### What is the significance of the Number.MAX_SAFE_INTEGER and Number.MIN_SAFE_INTEGER constants in ES6?

The Number.MAX_SAFE_INTEGER and Number.MIN_SAFE_INTEGER constants in ES6 represent the maximum and minimum safe integer values in JavaScript. A safe integer is one that can be exactly represented as an IEEE-754 double precision number. These constants are useful when you need to check if a number is within the safe integer range, which can be important in certain mathematical operations.

### How can I use the Number.isNaN() method in ES6?

The Number.isNaN() method in ES6 is used to determine if a value is NaN (Not a Number). This is different from the global isNaN() function, which converts its argument to a number before testing it. Number.isNaN() does not perform this conversion, so it only returns true if the argument is the actual NaN value, and not if the argument is a value that can’t be converted to a number.

### What is the use of Number.isFinite() method in ES6?

The Number.isFinite() method in ES6 is used to determine if a value is a finite number. This is different from the global isFinite() function, which converts its argument to a number before testing it. Number.isFinite() does not perform this conversion, so it only returns true if the argument is a finite number, and not if the argument is a value that can’t be converted to a number.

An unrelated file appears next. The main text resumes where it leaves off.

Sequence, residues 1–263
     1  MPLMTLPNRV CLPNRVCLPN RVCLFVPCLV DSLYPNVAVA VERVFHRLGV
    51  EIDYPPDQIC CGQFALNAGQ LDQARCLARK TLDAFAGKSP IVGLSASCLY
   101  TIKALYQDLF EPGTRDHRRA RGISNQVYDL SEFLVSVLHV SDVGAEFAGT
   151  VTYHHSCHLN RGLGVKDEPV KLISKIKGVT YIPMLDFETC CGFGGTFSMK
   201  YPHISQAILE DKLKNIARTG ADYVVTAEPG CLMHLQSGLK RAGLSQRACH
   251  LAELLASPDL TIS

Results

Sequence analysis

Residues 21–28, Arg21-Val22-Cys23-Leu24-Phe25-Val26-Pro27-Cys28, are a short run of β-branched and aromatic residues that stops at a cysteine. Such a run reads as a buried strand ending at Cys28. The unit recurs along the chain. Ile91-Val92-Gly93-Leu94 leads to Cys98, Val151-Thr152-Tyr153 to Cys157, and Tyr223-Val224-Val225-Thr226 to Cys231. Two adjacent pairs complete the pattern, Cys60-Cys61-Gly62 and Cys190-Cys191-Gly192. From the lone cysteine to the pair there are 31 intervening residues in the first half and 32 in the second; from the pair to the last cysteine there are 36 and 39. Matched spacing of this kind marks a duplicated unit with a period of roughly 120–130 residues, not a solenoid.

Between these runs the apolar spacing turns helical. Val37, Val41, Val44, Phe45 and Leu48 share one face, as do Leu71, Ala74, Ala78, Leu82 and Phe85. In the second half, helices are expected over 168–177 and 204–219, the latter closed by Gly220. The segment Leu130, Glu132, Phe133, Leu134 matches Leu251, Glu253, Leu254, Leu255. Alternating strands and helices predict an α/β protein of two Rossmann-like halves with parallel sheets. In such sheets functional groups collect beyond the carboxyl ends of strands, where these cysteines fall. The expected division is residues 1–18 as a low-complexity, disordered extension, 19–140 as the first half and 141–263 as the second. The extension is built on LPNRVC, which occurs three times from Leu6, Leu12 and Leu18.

### How does the Number.parseFloat() method work in ES6?

The Number.parseFloat() method in ES6 is essentially the same as the global parseFloat() function, but it’s part of the Number object. This means you can call it as a method on the Number object, rather than as a standalone function. The functionality is the same – it parses a string argument and returns a floating point number.

### How can I use the Number.isInteger() method in ES6?

The Number.isInteger() method in ES6 is used to determine if a value is an integer. This method returns true if the value is a number that is not Infinity, not NaN, and can be expressed without a fractional component. It’s useful when you need to check if a number is an integer, which can be important in certain mathematical operations.

### What are the practical applications of the new ES6 number methods?

The new ES6 number methods provide more robust and precise ways to work with numbers in JavaScript. They can be used to check if a number is finite, an integer, NaN, or a safe integer, and to parse strings into numbers. These methods can be particularly useful in mathematical operations, data validation, and anywhere else where precise control over numbers is required.